Over the course of four years, Guilford facilitated a remarkable change in my worldview. In some instances I know that fellow students, faculty and staff had to pry my eyes open, but I am grateful for the perspectives I gained. Learning for trauma is a tremendous chore. Sometimes, especially in early stages, healing and reconciliation feel like obscene concepts. Some have expressed that they feel hopeless, and that the essential Guilford is lost. Yet seeing a sign that reads "Guilford students against all hatred" reminds me that the core of Guilford's community is intact. In spite of whatever publicity out there right now, Guilford is a positive force for the world. Even as I sat to write this tonight, I heard a piece by Guilford's Adam Hurt come on the radio. The strength of Guilford's community and its fierce commitment to peace and justice will ensure its recovery and continued growth.

24 January 2007

State of the Hangover 2007

Madam Speaker, Members of Congress, distinguished guests, ladies and gentlemen, fellow citizens,

I begin this address they way it should always begin, with these words:

The state of our hangover is strong!

That said, there is a need to offer some critique as to the state of our Union. After watching the president last night, I must say that I remain unconvinced about basically everything he proposed. The health insurance scheme just came across as confusing and even bizarre, with even the vice president looking uncertain. The talk of balancing the budget should not be taken at only face value. The real source of U.S. growing debt is the wars in Iraq and Afghanistan, which thus far have been financed in non-budget supplemental bills. Thus while there is a deficit in the regular budget, the far greater problem is these security funds which aren't even included in the budget. Yes, we should control earmarks. But we also need to realize that tax cuts to the wealthy probably wasn't the best idea.

Take a moment to worry over immigration. Them Mexicans are coming over faster than the Minute Men can shoot 'em. That's why we're gonna build a big fence to keep them out. The illegals, obviously. And of course terrorists. Terrorists are everywhere. The other domestic issues mentioned I have largely forgotten, as I was drinking pretty fast.

With regard to national security, I cannot reiterate enough the heart of the president's message: Be afraid, be very afraid. Them terr'ists is comin' to get you, your little cute babies with the plump cheeks, and your puppies. In fact, they're going to destroy all the puppies. Kitties too. Be afraid. They're after us. They'll attack us as we sleep, as we refill our SUVs with the shit-tons of fuel that fund their operations, and as we gorge ourselves on massive volumes of corn-product-based fast food items. Be afraid, dammit. That FDR guy, and his little snippit about "the only thing we have to fear is fear itself" was obviously, gravely, tragically mistaken.

As for our current military ventures abroad, the president wants you to trust that by continuing to do the exact same thing we've been doing, we will see success. Someday. Hopefully soon. Those sovereign Iraqis need to do what we tell them to. Also, at least there has been some realization that the country is too stretched to blow up Iran or DPRK right now, but that will certainly not stop us from lobbing a few bombs into Somalia every now and again.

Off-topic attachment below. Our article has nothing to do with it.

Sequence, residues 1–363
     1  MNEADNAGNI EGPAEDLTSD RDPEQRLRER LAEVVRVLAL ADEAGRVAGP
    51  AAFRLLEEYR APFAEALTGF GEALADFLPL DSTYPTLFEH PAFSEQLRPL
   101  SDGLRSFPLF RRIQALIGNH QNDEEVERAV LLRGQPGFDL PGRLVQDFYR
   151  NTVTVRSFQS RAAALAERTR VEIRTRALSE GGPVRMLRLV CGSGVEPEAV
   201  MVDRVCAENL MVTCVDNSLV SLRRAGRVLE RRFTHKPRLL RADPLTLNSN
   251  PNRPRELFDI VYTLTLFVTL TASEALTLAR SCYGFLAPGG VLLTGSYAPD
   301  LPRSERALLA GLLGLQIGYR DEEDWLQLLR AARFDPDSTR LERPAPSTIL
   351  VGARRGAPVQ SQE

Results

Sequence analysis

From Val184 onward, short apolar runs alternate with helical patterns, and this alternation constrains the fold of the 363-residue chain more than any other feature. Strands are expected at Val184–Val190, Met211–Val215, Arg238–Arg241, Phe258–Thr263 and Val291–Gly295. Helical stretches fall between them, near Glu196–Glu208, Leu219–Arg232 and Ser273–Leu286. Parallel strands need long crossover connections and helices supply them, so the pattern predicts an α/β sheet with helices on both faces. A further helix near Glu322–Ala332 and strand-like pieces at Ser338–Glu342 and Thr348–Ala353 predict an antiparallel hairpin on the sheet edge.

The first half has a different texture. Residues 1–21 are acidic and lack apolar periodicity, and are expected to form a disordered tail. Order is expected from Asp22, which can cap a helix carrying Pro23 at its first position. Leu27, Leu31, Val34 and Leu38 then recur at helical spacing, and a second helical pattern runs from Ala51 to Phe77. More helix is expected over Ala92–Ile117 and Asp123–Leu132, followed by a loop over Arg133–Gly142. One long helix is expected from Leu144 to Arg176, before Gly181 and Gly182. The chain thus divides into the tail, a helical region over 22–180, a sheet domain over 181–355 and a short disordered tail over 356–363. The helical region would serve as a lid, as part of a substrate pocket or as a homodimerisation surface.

In last bits of substance, lets talk about malaria and saving African babies. Look at that tall dude from the big country of Africa who does something decent back in his village. Remember that of course there are no cities in that big country. Just quaint villages. And mosquitos. Basically I'm saying this to get Bill Gates and those Darfur bitches off my back.

And hey, look at all those other brave people who do good things.

And freedom, liberty, and et cetera.

God bless... _____?

The less than loyal opposition responds

Friends, the president is a shit head. He's done a whole lot of wrong. In fact, Senator Webb's not even gonna bother to rebut him. Just send out a friendly reminder that the Senator's son is in Iraq while Jenna and Barbara are terrorizing Latin America. Also, remember George, if you don't lead, we will (and you won't like it).

22 January 2007

Briefly on Darfur

I'm concerned that things still appear to be getting worse in Darfur, and that the international community is still ham-strung over what to do. While New Mexico Governor (and now presidential candidate worth looking at) Bill Richardson managed to get the Khartoum government to accept a ceasefire (of uncertain date or timing) acting only as a representative of U.S. NGOs, official diplomacy seems to be going nowhere, while the military and humanitarian situation continues to decline, to put it mildly.

In his most recent post to his controversial blog, Jan Pronk, who served as UN Special Representative of the Secretary-General for Sudan until the end of the year, provided rather disturbing information regarding the state of UN-Sudan relations, the recalcitrance of the UN Security Council and Secretariat, as well as an update on the lack of diplomatic initiatives by great power nations. It's worth a read, but it is far from uplifting.

It seems that now more than ever, there needs to be greater activism and advocacy for effective and determined engagement to end this now three year old crisis. Otherwise, the cries of "never again" that followed Nazi Germany, Cambodia, Bosnia and Rwanda are proving themselves to be hollow promises. For information on what you can do, I recommend visiting the Save Darfur Coalition.

Blog for choice day

Today is the 34th anniversary of Roe v. Wade, and as such is also Blog for Choice day. Our rubric is quite simple: why am I pro-choice?